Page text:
Cookies on this website
We use cookies to ensure that we give you the best experience on our website. If you click 'Continue' we'll assume that you are happy to receive all cookies and you won't see this message again. Click 'Find out more' for information on how to change your cookie settings.

A new consortium of 27 partners coordinated by the Nuffield Department of Clinical Neurosciences will tackle the challenge of discovery and characterisation of blood-brain barrier targets and transport mechanisms for brain delivery of therapeutics to treat neurodegenerative and metabolic diseases.

The blood-brain barrier is a protective layer between the brain’s blood capillaries and the cells that make up brain tissue. This barrier provides a defence against the pathogens and toxins that may be in our blood, allowing very few molecules to pass through. It can also prevent many drugs from passing across into the brain, and this presents a major problem in treating neurological conditions and metabolic diseases, especially when using antibody therapies. On the other hand, several neurological diseases could originate from a dysfunctional blood-brain barrier.

The funding from the Innovative Medicines Initiative (IMI) to the IM2PACT consortium will allow this public-private partnership, which includes leading international experts in the field, to facilitate the development of drugs to treat neurological disorders by: 

  • discovering and developing innovative and effective brain transport mechanisms
  • establishing and characterising blood-brain barrier models with good predictability in health and disease
  • identifying translational read-outs closer to the pathogenesis of neurodegeneration and mimicking altered blood-brain barrier under disease conditions
  • in-depth understanding of the biology of the blood-brain barrier and characterisation of various pathophysiological mechanisms across the blood-brain barrier.

Read more (Nuffield Department of Clinical Neurosciences website)

Similar stories

New form of gift wrap drives male reproductive success

General Research

A study from the Department of Physiology, Anatomy and Genetics (DPAG) has identified a new communication mechanism that ensures the transfer of a complex mix of signals and nutrients required for successful reproduction between males and females.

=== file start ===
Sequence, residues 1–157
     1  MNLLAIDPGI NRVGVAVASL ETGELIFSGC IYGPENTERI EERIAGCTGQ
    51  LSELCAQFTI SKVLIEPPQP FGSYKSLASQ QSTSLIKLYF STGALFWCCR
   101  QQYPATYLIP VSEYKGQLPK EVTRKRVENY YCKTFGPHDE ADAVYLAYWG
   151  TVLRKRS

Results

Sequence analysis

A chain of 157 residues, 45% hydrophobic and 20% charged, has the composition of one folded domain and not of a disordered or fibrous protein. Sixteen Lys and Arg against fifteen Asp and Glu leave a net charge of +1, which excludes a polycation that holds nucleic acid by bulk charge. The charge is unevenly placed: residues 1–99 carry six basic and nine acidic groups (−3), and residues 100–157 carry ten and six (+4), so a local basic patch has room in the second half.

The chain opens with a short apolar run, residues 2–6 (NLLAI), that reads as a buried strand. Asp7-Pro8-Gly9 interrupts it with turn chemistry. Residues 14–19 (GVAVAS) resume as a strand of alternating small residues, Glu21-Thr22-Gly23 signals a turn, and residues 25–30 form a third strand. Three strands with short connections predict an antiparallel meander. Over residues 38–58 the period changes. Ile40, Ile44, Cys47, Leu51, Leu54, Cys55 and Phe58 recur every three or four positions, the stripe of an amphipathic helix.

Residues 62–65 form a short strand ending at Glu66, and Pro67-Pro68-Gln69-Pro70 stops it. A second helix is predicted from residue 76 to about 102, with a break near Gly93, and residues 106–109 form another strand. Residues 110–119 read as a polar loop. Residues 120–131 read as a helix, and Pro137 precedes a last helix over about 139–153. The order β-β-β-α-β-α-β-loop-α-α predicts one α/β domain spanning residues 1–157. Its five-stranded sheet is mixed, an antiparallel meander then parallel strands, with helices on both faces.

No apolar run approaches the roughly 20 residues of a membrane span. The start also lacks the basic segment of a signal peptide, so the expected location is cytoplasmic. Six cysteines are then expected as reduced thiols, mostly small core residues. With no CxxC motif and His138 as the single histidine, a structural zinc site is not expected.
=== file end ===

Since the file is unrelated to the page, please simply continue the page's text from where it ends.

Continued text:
PRINCIPLE trial finds antibiotics azithromycin and doxycycline not generally effective treatments for COVID-19

Coronavirus COVID-19 General Research

In March 2020, the UK-wide Platform Randomised trial of INterventions against COVID-19 In older people (PRINCIPLE) trial was established as a flexible, platform randomised clinical trial to test a range of potential treatments for COVID-19 that might be suitable for use in the community to help people recover more quickly and prevent the need for hospital admission. The trial is one of three national platform trials for COVID-19 treatments, and complements the RECOVERY and REMAP-CAP trials that focus on hospitalised patients.

Early animal studies yield promising results for new potential COVID-19 vaccine

Coronavirus COVID-19 General Research

Studies carried out in the MRC Human Immunology Unit (MRC HIU) in collaboration with the Pirbright Institute have shown that a new potential vaccine against COVID-19, named RBD-SpyVLP, produces a strong antibody response in mice and pigs, providing vital information for the further development of the vaccine. Although this type of vaccine is not a competitor for the first wave of vaccines, it is hoped that it will be useful as a standalone vaccine or as a booster for individuals primed with a different COVID-19 vaccine.

Just over half of British Indians would take COVID vaccine

Coronavirus COVID-19 General Research

University of Oxford researchers from the Department of Physiology, Anatomy and Genetics (DPAG) and the Department of Psychiatry, in collaboration with The 1928 Institute, have published a major new study on the impact of COVID-19 on the UK’s largest BME population.

Investigating New Treatment for Schizophrenia

General Innovation Research

A partnership between University of Oxford, the Earlham Institute, and the global pharmaceutical companies Biogen Inc and Boehringer Ingelheim is announced today to investigate a new drug target for the treatment of schizophrenia.